pound drunk into a patrol car without incident and feed a family of five 
    on a civil service paycheck.”

    The angel circled the model of the peace officer very slowly, “Can it 
    think?” she asked.

    “You bet,” said the Lord.  “It can tell you the elements of a hundred 
    crimes; recite Miranda warnings in its sleep; detain, investigate, search, 
    and arrest a gang member on the street in less time than it 
    takes five learned judges to debate the legality of the stop… and still 
    it keeps its sense of humor. 
    This officer also has phenomenal personal control.  He can deal with crime 
    scenes painted in hell, coax a confession from a child abuser, comfort a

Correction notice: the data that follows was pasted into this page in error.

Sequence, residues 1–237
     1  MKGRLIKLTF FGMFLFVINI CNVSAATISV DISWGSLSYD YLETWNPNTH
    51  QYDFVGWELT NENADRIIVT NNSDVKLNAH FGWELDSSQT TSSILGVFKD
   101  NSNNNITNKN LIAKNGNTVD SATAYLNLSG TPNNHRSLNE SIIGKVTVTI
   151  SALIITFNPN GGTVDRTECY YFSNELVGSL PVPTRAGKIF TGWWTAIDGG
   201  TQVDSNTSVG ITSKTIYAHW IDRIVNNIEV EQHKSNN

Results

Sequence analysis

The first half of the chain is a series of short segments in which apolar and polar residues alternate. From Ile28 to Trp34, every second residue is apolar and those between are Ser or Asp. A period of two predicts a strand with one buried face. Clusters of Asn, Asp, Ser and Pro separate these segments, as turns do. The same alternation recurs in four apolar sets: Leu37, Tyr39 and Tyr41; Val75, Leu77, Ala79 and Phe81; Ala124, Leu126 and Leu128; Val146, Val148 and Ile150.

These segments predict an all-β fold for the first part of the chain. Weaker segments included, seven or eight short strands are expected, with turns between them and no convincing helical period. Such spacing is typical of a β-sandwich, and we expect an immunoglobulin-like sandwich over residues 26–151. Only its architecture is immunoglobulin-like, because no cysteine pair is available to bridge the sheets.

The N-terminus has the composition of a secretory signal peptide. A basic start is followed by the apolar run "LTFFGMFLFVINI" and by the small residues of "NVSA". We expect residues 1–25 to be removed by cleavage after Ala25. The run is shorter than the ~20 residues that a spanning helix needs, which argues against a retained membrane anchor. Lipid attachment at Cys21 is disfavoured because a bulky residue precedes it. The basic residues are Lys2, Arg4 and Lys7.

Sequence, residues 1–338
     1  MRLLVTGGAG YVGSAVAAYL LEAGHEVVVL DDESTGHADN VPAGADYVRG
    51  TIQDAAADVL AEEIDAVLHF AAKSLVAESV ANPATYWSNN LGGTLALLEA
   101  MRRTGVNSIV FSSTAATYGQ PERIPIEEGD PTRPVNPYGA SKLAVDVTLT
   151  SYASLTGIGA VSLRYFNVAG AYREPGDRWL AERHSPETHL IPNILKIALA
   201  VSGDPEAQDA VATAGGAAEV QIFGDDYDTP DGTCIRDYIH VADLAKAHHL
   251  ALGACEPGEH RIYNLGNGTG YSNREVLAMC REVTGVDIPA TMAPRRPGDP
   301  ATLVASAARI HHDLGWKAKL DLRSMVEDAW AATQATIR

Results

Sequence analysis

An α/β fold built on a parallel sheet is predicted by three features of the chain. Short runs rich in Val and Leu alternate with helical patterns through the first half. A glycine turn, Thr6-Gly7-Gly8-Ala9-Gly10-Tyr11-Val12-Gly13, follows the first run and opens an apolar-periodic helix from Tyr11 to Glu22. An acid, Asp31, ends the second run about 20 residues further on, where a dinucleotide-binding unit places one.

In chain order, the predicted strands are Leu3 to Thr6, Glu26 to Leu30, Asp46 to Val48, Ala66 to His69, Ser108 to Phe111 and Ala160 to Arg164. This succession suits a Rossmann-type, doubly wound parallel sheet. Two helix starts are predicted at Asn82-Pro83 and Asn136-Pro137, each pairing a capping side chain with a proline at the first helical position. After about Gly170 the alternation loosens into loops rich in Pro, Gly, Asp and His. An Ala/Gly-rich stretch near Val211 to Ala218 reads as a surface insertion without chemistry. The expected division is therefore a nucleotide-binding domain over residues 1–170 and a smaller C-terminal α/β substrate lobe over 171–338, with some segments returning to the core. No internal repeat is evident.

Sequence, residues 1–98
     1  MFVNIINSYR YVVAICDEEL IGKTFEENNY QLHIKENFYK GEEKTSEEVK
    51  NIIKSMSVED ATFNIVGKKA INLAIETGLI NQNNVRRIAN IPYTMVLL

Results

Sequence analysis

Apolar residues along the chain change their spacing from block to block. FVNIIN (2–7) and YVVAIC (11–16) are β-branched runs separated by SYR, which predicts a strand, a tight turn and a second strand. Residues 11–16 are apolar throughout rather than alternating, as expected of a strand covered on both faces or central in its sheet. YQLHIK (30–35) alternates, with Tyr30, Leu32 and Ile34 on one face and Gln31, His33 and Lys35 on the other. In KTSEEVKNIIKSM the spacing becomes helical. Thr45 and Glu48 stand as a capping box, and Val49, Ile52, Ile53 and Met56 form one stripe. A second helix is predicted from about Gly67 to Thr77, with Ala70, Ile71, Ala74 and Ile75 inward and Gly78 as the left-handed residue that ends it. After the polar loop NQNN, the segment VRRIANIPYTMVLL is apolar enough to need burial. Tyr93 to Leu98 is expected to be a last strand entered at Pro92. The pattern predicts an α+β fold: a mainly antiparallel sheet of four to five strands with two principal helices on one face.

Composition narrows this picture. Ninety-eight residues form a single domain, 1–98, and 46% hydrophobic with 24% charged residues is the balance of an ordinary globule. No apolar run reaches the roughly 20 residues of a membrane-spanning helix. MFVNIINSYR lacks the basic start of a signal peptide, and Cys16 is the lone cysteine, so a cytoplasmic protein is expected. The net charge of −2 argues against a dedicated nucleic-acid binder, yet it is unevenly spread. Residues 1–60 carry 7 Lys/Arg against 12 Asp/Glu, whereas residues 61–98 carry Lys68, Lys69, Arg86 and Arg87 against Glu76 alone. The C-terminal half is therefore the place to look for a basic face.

murder victim’s family, and then read in the daily paper how 
    law enforcement isn’t sensitive to the rights of criminal suspects.”

    Finally, the angel bent over and ran her finger across the cheek of the 
    peace officer.  “There’s a leak,” she pronounced.  “I told you that you 
    were trying to put too much into this model.”

    “That’s not a leak,” said the Lord, “it’s a tear.”

    “What’s the tear for?” asked the angel.

    “It’s for bottled-up emotions, for fallen comrades, for commitment to that 
    funny piece of cloth called the American flag, for justice.”

    “You’re a genius,” said the angel.

    The Lord looked somber.  “I didn’t put it there,” he said.



  2. 3 Jon Owen June 29, 2011 at 15:15

    I hired Russell George as an officer for the North Slope Borough Police Dept in Barrow, Alaska in 2001. “Roscoe” and I became friends, and I was privileged to become friends with this very fine (and immensely funny) police officer. I mourn the loss of a brother in blue.
    Jon Owen
    Palmer Alaska